Rudd’s posturing – no help at all

When BHS went belly up, this blog pointed the finger of blame at Philip Green for putting dividends before the pensions of the staff who earned him them.

Green coughed up over £350m and the BHS pension scheme restructured into BHS2. Most members chose BHS2 rather than the PPF and BHS has now been bought out by a specialist insurer for £800m. This is actually a good news story and shows how things can be put right, even when a lot of damage has been done.

So why do we read in the Telegraph, the DWP’s Amber Rudd threatening fat cats with lengthy jail cells? Is not the lesson from BHS that co-operation works better than confrontation?

Although Rudd’s article doesn’t explicitly mention BHS or Green, it’s clear that it’s they and  Carillion  that she has in mind. She is barking up the wrong tree, as was Frank Field.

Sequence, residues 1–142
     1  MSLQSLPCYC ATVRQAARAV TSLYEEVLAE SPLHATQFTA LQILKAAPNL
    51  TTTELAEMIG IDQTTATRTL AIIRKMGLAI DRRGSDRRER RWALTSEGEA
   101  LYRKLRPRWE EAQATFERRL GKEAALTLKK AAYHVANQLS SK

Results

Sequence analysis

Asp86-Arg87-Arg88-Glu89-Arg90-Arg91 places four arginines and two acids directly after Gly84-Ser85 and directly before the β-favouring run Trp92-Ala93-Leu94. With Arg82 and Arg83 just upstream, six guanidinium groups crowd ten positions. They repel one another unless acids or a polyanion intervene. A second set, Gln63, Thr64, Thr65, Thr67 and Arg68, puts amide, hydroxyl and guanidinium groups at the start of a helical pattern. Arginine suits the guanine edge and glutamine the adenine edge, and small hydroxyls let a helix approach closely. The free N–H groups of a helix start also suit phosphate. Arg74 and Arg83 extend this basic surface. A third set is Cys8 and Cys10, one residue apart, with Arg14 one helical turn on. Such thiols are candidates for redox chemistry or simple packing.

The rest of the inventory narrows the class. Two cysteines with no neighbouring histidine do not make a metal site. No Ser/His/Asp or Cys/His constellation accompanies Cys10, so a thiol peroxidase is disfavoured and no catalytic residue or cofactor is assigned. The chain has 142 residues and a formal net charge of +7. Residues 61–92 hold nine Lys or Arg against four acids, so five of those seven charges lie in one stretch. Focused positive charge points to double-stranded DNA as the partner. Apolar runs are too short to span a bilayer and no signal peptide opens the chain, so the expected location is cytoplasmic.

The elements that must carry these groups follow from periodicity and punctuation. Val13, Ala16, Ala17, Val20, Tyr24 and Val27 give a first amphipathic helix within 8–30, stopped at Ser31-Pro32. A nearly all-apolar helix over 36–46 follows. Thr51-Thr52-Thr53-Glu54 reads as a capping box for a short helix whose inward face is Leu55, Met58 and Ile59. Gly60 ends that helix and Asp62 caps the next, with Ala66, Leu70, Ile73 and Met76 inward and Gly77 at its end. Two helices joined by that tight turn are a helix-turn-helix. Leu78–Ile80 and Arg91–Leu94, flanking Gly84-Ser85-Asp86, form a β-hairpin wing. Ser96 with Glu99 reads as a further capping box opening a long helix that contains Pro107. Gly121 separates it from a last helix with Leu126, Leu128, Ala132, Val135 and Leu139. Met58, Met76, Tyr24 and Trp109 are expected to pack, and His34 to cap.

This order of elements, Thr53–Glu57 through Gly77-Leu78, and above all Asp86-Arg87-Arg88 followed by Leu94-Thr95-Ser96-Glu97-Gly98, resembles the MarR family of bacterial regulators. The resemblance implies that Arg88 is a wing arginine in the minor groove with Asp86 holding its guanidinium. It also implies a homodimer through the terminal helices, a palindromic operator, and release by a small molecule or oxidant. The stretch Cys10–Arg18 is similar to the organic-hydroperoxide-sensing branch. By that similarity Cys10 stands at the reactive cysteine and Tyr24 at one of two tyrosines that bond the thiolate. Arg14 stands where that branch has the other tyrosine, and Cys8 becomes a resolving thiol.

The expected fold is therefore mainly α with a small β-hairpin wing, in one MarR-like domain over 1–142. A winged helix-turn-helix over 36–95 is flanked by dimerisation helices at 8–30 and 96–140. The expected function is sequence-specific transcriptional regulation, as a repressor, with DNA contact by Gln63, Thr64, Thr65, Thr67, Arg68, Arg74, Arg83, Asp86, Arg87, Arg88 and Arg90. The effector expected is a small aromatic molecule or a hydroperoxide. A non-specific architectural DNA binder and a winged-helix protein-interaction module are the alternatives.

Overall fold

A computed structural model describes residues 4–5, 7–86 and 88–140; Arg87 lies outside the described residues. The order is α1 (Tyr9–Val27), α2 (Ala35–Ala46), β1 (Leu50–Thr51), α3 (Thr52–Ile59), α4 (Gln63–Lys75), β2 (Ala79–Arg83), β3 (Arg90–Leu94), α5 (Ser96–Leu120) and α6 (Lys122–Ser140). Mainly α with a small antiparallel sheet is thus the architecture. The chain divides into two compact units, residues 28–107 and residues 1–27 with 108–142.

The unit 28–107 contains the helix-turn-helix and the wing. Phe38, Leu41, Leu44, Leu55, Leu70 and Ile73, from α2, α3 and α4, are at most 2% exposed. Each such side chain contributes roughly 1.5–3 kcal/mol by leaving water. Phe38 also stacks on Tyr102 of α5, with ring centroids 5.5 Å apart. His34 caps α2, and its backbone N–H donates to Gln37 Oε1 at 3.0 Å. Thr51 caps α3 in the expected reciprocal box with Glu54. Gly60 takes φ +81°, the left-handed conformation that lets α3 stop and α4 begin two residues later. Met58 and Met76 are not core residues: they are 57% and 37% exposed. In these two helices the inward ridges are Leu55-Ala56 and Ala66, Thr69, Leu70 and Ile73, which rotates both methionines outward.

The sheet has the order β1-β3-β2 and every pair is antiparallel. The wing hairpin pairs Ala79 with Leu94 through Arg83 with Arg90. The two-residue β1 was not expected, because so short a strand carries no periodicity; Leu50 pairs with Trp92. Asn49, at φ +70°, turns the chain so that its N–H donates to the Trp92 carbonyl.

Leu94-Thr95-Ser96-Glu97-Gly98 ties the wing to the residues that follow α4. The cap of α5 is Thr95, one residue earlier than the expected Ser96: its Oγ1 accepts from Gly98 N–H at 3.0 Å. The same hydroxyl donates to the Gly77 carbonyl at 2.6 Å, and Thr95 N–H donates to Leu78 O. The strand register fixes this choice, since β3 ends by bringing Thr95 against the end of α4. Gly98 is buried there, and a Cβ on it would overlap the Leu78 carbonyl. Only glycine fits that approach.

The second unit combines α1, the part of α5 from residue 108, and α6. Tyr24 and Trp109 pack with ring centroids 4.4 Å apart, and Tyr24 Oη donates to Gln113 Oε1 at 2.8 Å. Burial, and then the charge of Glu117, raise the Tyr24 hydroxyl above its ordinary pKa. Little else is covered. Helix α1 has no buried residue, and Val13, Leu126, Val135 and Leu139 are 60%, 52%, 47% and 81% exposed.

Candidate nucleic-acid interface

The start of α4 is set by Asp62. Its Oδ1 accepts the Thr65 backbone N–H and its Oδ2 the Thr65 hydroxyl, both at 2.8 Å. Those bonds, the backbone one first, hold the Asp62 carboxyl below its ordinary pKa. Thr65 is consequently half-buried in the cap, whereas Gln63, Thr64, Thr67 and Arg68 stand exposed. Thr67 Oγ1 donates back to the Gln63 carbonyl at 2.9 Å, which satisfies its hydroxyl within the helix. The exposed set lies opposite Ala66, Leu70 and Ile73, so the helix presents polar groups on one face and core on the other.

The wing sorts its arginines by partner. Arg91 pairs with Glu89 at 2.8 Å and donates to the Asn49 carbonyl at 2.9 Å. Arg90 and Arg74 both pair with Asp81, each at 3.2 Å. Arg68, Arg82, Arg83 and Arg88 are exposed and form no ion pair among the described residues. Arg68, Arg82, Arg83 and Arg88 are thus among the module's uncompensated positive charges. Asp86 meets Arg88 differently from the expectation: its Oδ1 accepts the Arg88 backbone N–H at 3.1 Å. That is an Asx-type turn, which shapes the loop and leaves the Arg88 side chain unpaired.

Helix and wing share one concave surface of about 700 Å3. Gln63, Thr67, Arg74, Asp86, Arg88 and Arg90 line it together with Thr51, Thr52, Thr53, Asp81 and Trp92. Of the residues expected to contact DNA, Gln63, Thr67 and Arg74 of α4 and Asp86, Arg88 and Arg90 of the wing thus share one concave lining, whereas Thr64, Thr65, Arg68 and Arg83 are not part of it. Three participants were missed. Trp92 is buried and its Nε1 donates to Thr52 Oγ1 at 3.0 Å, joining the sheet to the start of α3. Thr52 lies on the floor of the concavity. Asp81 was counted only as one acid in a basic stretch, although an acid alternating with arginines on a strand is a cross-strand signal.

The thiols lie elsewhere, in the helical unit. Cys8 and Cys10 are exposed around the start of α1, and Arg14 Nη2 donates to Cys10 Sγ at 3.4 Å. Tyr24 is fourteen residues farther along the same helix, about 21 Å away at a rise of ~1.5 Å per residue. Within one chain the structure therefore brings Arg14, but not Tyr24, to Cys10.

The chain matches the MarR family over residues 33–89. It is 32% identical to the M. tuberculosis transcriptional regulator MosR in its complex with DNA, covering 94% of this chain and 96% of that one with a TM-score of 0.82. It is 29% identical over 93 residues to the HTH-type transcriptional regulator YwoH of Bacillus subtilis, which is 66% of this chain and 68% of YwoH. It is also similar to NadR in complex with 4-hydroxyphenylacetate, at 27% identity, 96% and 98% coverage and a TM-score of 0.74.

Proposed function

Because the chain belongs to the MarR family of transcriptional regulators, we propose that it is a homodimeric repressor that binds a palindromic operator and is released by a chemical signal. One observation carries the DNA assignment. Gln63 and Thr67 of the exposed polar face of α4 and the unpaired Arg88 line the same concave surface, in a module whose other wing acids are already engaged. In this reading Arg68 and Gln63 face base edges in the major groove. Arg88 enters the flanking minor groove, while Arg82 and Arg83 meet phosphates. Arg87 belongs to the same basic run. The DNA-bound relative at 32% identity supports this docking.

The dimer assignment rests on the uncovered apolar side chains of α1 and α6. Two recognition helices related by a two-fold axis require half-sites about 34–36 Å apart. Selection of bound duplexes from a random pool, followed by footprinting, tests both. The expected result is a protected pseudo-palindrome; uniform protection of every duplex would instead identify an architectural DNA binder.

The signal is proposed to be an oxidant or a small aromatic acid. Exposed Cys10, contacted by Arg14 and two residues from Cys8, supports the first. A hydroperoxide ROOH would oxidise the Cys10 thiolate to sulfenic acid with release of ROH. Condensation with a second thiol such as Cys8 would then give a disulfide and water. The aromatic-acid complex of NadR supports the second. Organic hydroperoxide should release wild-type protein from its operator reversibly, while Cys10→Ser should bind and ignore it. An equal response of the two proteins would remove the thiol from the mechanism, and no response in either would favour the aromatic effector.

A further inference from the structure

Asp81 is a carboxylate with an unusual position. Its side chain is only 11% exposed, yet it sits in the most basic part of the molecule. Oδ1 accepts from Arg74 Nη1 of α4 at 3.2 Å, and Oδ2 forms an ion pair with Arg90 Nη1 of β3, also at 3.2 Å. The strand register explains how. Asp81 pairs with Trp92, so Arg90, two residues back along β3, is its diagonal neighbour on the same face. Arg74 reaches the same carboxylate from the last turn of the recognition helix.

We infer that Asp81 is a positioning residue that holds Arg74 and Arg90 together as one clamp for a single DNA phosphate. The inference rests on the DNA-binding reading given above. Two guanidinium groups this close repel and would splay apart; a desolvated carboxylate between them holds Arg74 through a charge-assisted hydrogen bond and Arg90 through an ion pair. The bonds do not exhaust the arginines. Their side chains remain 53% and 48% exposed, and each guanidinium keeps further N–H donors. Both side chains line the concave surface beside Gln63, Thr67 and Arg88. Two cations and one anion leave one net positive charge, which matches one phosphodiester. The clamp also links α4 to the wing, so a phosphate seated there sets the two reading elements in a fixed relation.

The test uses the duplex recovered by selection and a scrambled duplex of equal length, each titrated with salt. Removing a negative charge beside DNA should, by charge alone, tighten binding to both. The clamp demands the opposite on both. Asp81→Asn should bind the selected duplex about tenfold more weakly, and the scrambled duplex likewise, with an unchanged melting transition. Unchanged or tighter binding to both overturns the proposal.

The casualties of Frank Field’s posturing on BHS have already included a very good CEO of the Pensions Regulator.  Carillion’s casualties include thousands of small businesses that didn’t get paid. It was not the pension scheme of either company that brought the companies down, it was a combination of a poor business model and poor management.

Read the 100 or so comments to the article and you get a unanimous rejection of Rudd’s comments as ill-judged and over the top.

Judge for yourself.

Here is the Secretary of State for Work and Pensions.

Maybe you’d planned to see the world but can no longer afford to, or you’re shopping for the grandkids at Christmas on a really tight budget.

 “It has always been our goal to deliver the best possible outcome for the members of this scheme.
A buyout guarantees member benefits under the BHS2 Scheme, and is the most secure solution for the members of this scheme. I am delighted that we have been able to accomplish this transaction far earlier than expected”.
If what matters are people’s pensions, then Rudd’s vision of retributive justice doesn’t help one jot. Rudd finishes her article with a piece of populist rhetoric that made me angry.
So if your boss recklessly risks your retirement, they’ll have plenty of time behind bars to contemplate their fate.